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John Quigley: Time for voters to exercise rights

Published: Thursday, March 28, 2013 4:40 p.m. CDT • Updated: Friday, July 25, 2014 4:47 a.m. CDT

With the April 9 consolidated elections in sight, it’s time once again for citizens across DuPage County to exercise one of their greatest rights as Americans by casting votes for their candidates of choice at the municipal, township, public school, park and library levels of local government.

Let’s hope that the apathy and low turnout typical of the voting public after a presidential election doesn’t occur.

In the 2009 consolidated elections, less than 43 percent of Elmhurst’s 28,455 registered voters, or 12,055, cast a ballot — despite the incentive of a four-candidate mayoral race to elect a successor to a retiring four-term incumbent whose contested 2005 election brought out some 10,500 voters. Elmhurst’s last mayor needed votes from just 16.4 percent of registered voters to get elected.

How does that bode for 2013’s three-candidate race to replace that one-term mayor?

That lack of participation in the process of electing a mayor or village president has a trickle-down effect on all municipal offices and other property tax-based governmental bodies.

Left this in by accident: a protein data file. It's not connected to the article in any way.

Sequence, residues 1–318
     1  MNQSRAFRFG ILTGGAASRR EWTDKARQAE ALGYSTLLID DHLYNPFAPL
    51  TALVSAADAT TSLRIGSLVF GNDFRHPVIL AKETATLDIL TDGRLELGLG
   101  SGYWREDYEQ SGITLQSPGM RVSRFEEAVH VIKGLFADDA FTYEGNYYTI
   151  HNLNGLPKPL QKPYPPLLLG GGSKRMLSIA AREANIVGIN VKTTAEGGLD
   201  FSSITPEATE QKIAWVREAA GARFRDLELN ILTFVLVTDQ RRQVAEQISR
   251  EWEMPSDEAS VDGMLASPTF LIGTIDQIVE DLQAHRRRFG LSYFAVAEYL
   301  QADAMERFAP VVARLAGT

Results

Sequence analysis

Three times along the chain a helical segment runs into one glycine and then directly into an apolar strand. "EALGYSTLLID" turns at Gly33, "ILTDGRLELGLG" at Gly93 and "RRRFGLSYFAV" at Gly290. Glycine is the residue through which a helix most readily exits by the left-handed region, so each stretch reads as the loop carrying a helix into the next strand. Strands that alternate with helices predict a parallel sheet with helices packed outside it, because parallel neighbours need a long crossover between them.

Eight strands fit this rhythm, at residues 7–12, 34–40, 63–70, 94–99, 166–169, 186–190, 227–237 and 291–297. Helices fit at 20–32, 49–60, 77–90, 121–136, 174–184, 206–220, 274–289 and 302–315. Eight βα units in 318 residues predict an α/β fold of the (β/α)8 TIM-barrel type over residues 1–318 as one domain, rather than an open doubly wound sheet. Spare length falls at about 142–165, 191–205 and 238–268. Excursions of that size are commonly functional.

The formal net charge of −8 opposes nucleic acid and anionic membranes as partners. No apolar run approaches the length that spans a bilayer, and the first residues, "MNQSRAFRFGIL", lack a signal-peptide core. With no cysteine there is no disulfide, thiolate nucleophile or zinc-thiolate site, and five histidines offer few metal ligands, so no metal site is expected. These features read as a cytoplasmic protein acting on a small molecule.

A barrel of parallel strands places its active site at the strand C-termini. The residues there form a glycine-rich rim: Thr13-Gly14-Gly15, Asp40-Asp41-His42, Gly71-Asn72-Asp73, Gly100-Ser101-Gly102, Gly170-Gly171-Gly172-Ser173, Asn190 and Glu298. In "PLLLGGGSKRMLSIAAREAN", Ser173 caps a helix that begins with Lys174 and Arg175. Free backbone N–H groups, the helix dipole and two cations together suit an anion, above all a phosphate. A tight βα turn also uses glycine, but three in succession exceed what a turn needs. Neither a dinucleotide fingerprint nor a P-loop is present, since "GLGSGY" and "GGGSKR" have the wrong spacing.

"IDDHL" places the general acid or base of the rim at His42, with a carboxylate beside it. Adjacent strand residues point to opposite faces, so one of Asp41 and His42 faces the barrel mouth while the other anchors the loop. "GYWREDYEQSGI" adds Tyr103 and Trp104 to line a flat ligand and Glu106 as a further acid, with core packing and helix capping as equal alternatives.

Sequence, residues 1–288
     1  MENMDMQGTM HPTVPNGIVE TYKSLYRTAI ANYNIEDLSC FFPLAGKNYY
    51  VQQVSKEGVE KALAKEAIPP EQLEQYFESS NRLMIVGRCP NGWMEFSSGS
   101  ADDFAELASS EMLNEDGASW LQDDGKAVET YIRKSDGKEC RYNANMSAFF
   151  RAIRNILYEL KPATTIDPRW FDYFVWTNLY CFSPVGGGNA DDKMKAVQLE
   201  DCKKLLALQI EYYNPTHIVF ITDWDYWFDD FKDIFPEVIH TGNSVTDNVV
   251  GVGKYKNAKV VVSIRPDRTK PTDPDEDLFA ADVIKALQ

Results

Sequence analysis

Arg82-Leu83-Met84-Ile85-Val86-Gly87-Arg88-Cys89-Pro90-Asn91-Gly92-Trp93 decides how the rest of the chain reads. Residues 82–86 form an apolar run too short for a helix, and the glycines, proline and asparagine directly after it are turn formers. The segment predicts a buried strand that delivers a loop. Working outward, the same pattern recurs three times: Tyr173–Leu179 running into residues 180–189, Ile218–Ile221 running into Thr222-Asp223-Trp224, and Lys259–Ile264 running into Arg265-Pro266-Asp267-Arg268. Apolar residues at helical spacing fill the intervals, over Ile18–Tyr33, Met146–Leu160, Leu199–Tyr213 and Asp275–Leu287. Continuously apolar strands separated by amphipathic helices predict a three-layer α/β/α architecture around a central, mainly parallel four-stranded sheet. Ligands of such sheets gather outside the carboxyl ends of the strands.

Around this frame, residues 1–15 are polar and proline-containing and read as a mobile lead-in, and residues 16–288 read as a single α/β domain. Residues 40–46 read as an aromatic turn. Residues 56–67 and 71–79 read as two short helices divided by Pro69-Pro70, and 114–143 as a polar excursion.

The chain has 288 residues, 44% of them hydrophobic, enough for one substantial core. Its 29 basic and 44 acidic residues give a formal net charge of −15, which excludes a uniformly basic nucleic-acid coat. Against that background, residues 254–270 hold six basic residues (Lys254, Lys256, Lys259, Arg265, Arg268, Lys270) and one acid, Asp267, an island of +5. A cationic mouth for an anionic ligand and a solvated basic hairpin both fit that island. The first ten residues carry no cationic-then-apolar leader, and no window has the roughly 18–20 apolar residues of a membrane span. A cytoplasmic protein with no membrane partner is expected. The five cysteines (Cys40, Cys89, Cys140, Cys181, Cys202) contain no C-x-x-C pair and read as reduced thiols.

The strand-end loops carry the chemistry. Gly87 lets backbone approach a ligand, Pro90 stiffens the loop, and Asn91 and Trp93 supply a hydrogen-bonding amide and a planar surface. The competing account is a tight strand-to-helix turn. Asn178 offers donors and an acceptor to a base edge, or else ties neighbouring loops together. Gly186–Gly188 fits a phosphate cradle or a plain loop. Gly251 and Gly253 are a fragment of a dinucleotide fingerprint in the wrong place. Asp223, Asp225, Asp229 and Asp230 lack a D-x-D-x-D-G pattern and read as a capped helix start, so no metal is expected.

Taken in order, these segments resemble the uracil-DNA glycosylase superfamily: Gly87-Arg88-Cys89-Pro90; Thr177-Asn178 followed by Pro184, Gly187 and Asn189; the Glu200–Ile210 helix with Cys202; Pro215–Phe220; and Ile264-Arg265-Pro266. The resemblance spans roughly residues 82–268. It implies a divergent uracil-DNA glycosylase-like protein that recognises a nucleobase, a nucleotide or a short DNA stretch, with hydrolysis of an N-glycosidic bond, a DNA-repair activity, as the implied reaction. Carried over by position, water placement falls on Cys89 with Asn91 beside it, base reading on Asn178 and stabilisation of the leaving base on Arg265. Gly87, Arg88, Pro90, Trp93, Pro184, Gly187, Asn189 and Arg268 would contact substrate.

In 2009, the turnout rate in four of Elmhurst’s six contested aldermanic races came in under 43 percent and trailed the percentage in the uncontested Ward 4, which led in registered voters (4,424) and the votes-to-registered-voters ratio (three in 10). Ward 5 had the highest turnout rate (51.83 percent) and most votes (2,151), while Ward 3 trailed all in registered voters (3,457), turnout rate (35.12 percent) and votes (1,214).

Worse yet, those aldermanic numbers are even lower in the non-mayoral election year.

In 2011, only 23 percent of Elmhurst’s 28,760 registered voters cast a ballot, with uncontested races in Wards 2 and 5 factoring in. Still, voter turnout in the five contested races totaled just 25 percent, and the winning Ward 4 ratio was at one in 10. Ward 1 led in turnout rate (27.9 percent) and Ward 6 led in votes (1,138).

So, if you are not content letting an engaged minority decide who will govern your municipality, public schools, parks and library, then get out and vote on April 9. Early voting at Elmhurst City Hall (and other locations) began March 25 and runs through April 6.

To quote Will Bailey from “The West Wing”: No matter who you vote for, make sure you vote!

John R. Quigley is president and CEO of the Elmhurst Chamber of Commerce & Industry

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